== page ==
So in summary, MOST Step questions (Type 1/2/3a/b) can be answered with UFAP studying, but a good amount require ADDITIONAL processing of the question or the answers. And obviously some questions are next to impossible (type 4) but I wouldn’t worry about those.

Hope this will help someone with a similar mind to me 🙂

Still here? Let’s take a look at some snapshots from Biancasfantasticsuperamazingexcitinglife.

25 days out

October 30, 2017 § 2 Comments

I’ve told myself almost 100 times now that I can treat myself to writing a blog post when I reach my goals (for that day). Clearly, that hasn’t happened yet! So here I am, sneaking time away from studying even though I’m nowhere close to finishing today’s task list.

Studying for this exam is unlike anything I’ve ever experienced. I’m literally being tested on everything that I’ve learned, every single subject simultaneously, and there is absolutely no end to it all. I could probably study for this exam for years and years. Luckily, that isn’t what is required to pass this exam.

I am 25 days out from my exam and I am officially freaking out (while still being mildly functional). For at least the past month, I’ve lost my ability to communicate like a normal person. I can tell when I am having conversations with my friends that I’m just not making sense anymore. How do I know? Because even I don’t know what I am saying! I’ve also lost my ability to come up with metaphors that DON’T have something to do with medicine (e.g. “Haha, he’s just like a retinoic acid receptor!” or “You’re just like Class IB antiarrhythmics, both of you have a predilection for damaged tissue”). I wish I was kidding about that.  This sort of mania is something that I think only people who have studied for this exam before can understand. My friend Stephanie is the best example: she NEVER gets stressed or anxious for exams (or honestly about anything) and yet, even she had panic attacks while studying for this exam.

Luckily, teaching has been really helpful and I’ve enjoyed the break away from the books to spend time with my students. We are covering neuroanatomy this semester and preparing for the lessons has made me ace almost all my neuro questions. They’ve been amazing and are always so engaged. I share some of my Step 1 questions (the ones relevant to their material) in our facebook group and I love seeing how they process and discuss the possible answers. I’ve been so, so impressed with their knowledge and efforts!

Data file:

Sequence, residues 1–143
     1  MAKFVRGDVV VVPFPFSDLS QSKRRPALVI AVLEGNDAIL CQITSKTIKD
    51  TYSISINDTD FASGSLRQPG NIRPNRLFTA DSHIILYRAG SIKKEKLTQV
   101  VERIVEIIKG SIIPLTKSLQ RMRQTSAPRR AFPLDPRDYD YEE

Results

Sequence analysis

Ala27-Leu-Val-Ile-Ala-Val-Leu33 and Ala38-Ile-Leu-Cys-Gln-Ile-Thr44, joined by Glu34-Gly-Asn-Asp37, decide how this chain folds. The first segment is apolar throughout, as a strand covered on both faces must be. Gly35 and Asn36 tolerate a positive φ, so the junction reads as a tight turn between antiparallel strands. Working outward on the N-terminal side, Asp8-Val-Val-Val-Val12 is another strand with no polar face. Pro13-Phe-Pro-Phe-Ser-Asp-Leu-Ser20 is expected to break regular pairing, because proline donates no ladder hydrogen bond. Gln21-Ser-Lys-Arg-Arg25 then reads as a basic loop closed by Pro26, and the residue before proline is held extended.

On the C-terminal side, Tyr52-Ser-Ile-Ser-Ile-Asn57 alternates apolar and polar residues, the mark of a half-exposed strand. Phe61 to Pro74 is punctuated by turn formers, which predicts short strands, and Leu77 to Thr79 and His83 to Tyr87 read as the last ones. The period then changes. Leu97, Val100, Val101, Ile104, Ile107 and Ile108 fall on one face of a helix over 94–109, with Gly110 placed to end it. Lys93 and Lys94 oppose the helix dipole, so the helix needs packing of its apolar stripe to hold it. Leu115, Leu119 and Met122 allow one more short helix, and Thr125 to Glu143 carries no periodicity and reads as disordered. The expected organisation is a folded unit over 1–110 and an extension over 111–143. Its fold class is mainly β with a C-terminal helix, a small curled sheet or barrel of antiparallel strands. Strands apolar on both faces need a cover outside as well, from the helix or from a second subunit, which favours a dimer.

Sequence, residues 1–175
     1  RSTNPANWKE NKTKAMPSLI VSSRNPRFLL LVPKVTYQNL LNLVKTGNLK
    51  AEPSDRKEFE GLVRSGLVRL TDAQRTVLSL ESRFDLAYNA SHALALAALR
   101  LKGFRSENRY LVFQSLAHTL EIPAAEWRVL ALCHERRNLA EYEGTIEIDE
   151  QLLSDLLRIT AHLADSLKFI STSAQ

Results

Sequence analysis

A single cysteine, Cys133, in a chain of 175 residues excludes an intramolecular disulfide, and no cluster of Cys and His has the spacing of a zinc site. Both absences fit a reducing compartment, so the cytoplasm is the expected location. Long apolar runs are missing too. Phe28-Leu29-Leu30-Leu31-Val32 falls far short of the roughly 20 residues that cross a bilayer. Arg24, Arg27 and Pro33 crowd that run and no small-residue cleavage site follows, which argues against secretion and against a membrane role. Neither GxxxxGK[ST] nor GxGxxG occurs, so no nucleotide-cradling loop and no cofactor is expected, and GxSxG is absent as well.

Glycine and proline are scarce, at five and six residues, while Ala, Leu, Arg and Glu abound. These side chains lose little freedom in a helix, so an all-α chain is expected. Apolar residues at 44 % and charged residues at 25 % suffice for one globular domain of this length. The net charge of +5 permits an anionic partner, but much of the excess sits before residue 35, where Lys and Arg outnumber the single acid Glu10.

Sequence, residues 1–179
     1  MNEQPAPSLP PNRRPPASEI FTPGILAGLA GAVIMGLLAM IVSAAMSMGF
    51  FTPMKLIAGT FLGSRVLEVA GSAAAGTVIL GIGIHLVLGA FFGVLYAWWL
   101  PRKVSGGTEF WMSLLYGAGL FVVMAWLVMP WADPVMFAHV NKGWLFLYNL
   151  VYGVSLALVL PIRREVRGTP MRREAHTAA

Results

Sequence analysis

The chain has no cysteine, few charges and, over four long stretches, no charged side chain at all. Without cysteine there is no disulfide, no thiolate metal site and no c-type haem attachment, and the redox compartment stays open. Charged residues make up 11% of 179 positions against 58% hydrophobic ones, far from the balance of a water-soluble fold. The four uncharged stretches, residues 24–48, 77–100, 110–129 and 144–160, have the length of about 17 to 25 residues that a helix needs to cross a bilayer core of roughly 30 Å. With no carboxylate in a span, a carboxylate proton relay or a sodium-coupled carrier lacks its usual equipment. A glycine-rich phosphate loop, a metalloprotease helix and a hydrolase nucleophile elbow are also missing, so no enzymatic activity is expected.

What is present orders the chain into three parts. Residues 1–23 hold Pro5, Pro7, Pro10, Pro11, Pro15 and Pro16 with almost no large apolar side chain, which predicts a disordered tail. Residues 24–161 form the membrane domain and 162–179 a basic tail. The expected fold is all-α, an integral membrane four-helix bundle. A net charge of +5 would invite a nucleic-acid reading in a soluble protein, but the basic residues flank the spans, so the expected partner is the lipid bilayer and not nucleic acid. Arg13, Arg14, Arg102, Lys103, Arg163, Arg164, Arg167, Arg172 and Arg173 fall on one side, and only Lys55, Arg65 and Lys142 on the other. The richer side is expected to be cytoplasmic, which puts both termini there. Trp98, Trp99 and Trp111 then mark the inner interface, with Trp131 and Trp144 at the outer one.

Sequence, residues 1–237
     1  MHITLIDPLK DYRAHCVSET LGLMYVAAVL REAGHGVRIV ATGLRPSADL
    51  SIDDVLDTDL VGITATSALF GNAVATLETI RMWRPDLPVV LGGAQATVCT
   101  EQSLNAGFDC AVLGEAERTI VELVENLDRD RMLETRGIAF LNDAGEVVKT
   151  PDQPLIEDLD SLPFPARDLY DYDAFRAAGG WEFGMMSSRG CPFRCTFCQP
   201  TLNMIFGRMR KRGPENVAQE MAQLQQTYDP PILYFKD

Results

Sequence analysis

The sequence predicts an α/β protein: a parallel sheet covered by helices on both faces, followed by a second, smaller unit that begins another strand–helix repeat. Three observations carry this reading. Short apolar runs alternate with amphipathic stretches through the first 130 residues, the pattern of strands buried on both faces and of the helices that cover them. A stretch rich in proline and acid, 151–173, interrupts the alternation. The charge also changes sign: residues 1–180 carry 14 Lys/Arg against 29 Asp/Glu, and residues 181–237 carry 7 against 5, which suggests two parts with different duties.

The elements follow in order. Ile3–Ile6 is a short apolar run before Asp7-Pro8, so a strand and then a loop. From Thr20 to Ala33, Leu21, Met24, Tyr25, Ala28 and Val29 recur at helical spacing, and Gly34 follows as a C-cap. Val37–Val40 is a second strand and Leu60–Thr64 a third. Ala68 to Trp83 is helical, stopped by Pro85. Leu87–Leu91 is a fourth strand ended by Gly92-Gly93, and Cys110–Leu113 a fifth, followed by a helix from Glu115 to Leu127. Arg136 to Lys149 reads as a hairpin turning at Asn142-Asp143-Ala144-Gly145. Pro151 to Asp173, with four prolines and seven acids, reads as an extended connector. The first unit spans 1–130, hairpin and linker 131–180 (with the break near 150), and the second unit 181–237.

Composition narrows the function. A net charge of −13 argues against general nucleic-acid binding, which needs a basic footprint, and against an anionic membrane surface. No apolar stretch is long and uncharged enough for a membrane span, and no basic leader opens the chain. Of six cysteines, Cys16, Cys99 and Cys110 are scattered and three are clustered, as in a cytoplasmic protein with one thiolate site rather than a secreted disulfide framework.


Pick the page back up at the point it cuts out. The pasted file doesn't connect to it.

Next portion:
So, what exactly is my life like right now? I wake up at 5:00 (sometimes 6:00 if I’ve had a rough night sleeping, which happens more often than not), throw random grains and nuts in the rice cooker (if I don’t have some leftover), do cardio while doing questions/watching Pathoma or Sketchy videos, shower, settle in for rounds of questions (UWORLD: I do a full block (40 questions), random (all subject and disciplines) and on timed mode every time. This is the best way to simulate the exam experience. The exam is as much about knowledge as it is about endurance.). Doing the rounds and their subsequent review can take the whole day (and it usually does). I study as late as I can and then I do flashcards in bed until I fall asleep. If I’m lucky, I’m asleep by 22:00. Obviously, there are various dips in energy and focus throughout the day. I haven’t been able to nap longer than 15 minutes for the past two months and now I’m even down to only 5-10 minutes before my brain starts going through uncontrollable UWORLD withdrawal. Now that I’m starting to get even more anxious, I’m going to start studying out of the apartment more. I need to dissociate my exam from my home if I am going to stay sane these next few weeks.